Aller au contenuAller au menuAller à la recherche

Stefan Hell"Nanoscopy with focused light"

Abstract :


For more than a century, it has been generally accepted that the resolution of a lens-based optical microscope is limited to about 1
 > 200 nm in the focal plane and > 500 nm along the optic axis, with NA denoting the numerical aperture of the lens and 2
 the wavelength of light. The discovery in the 1990’s that elementary transitions between the states of a fluorophore can be used to eliminate the limiting role of diffraction has led to light microscopy concepts with resolution on the nanometer scale. Currently, all existing and successfully applied nanoscopy methods share a common enabling element: they switch fluorescence on or off, so that adjacent features are registered sequentially in time.
For example, in a typical Stimulated Emission Depletion (STED) microscope, the fluorophores are switched off (=kept dark) by overlapping the excitation beam with a de-exciting (STED) beam which effectively confines the fluorophores to the ground state everywhere in the focal region except at a tiny area where the STED beam is close to zero. Fluorophores that are located in this subdiffraction-sized smaller area are registered. Scanning the beams further in space registers those fluorophores that had been switched off. An image of the whole object is assembled by sequential registration. The resolution is now given by the smaller diameter 3
 of this area in which the fluorophores are still fluorescent. I is the intensity of the STED beam, which, for I >> Is, entails d→0, meaning that the resolution is conceptually no longer limited by l.
STED microscopy has been used to investigate the fate of synaptic vesicle proteins after exocytosis(5), thus demonstrating the potential of emerging ‘fluorescence nanoscopy’ for the life sciences. A video-rate STED microscope was used to describe the mobility of vesicles inside the axons of cultured living neurons(6). Live-cell STED microscopy has also been used to image activity-dependent morphological plasticity of dendritic spines, while in another study, it revealed that single sphingolipids, but not phospholipids, are transiently (< 10 ms) and locally (< 20 nm) trapped in a living cell membrane, mediated by cholesterol.
The concept of STED microscopy has been expanded to low intensity operation by switching the fluorophore to a long-lived dark (triplet) state or between a ‘fluorescence activated’ and a ‘deactivated’ (conformational) state(2) as encountered in switchable fluorescent proteins. More recent but seminal nanoscopy schemes such as PALM, STORM and also GSDIM, switch the molecules individually and stochastically to a state that emits m >>1 detectable photons in a row before returning to a dark state, allowing the calculation of their position. These single fluorophore switching concepts require only a single switching cycle per fluorophore, which greatly extends the power of the switching concept for subdiffraction separation. Altogether, lens-based optical nanoscopy is an unexpected and fascinating development in the physical sciences that is poised to impact several areas of science, in particular the life sciences, in the near future.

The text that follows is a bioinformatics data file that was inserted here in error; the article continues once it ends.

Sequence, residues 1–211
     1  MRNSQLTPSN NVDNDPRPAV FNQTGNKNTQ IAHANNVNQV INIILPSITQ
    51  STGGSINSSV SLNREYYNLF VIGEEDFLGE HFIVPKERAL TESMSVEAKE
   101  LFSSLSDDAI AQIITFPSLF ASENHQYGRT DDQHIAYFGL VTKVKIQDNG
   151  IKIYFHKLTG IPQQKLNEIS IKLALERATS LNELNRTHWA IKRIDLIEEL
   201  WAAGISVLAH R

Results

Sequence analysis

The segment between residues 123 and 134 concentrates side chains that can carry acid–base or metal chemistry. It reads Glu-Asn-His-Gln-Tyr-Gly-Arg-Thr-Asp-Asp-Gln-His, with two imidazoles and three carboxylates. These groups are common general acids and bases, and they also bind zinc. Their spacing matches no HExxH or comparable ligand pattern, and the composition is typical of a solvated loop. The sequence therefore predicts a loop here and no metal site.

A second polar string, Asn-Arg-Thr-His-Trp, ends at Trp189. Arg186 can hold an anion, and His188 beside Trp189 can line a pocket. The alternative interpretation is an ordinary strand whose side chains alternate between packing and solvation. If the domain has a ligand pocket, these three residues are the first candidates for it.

Portrait
Stefan Hell is inextricably linked to the development of STED microscopy. With this development, Hell countered beliefs about the limits of the resolution of microscopy that had held for over a century by taking a truly revolutionary look at the resolution of conventional laser scanning microscopy (LSM). In LSM, a beam of laser light is focussed on the specimen and the fluorescence stimulated by the laser is measured. Hell's groundbreaking development worked on the assumption that it should be possible to significantly improve the resolution by inhibiting the fluorescence from the rim of the focal point before the stimulated dye molecules could give off any fluorescence. This can be achieved by stimulated emission depletion – STED. Using this approach, Hell was able to achieve a resolution between three and four times better than with the best conventional microscopes and, for the first time, it became possible to visualise the fusion of individual synaptic vesicles in biological systems and the nerve terminals by light microscopy. It is hard to overestimate the importance of this discovery for modern biology, or for other areas such as the semiconductor industry, for example.

©Published by Deutsche Forschungsgemeinschaft e.V. Kennedyallee 40 53175 Bonn

Il faut rappeler la subvention reçue de "Human Frontier Science Program" en Mai dernier par Valentin Nagerl pour un projet en collaboration avec Stefan Hell et Wen-Hong LI....clic

Research Grants (HFSP)
Award Year Valentin Nagerl , Stefan Hell et LI Wen-Hong "Nanoscale photoactivation and imaging of synaptic physiology"

Selected publications

Rhodamines NN: A Novel Class of Caged Fluorescent Dyes.Belov VN, Wurm CA, Boyarskiy VP, Jakobs S, Hell SW. Angew Chem Int Ed Engl. 2010 Apr 9.
Comparing video-rate STED nanoscopy and confocal microscopy of living neurons. Lauterbach MA, Keller J, Schönle A, Kamin D, Westphal V, Rizzoli SO, Hell SW. J Biophotonics. 2010 Apr 8.

Fast molecular tracking maps nanoscale dynamics of plasma membrane lipids. Sahl SJ, Leutenegger M, Hilbert M, Hell SW, Eggeling C. Proc Natl Acad Sci U S A. 2010 Apr 13;107(15):6829-34. Epub 2010 Mar 29.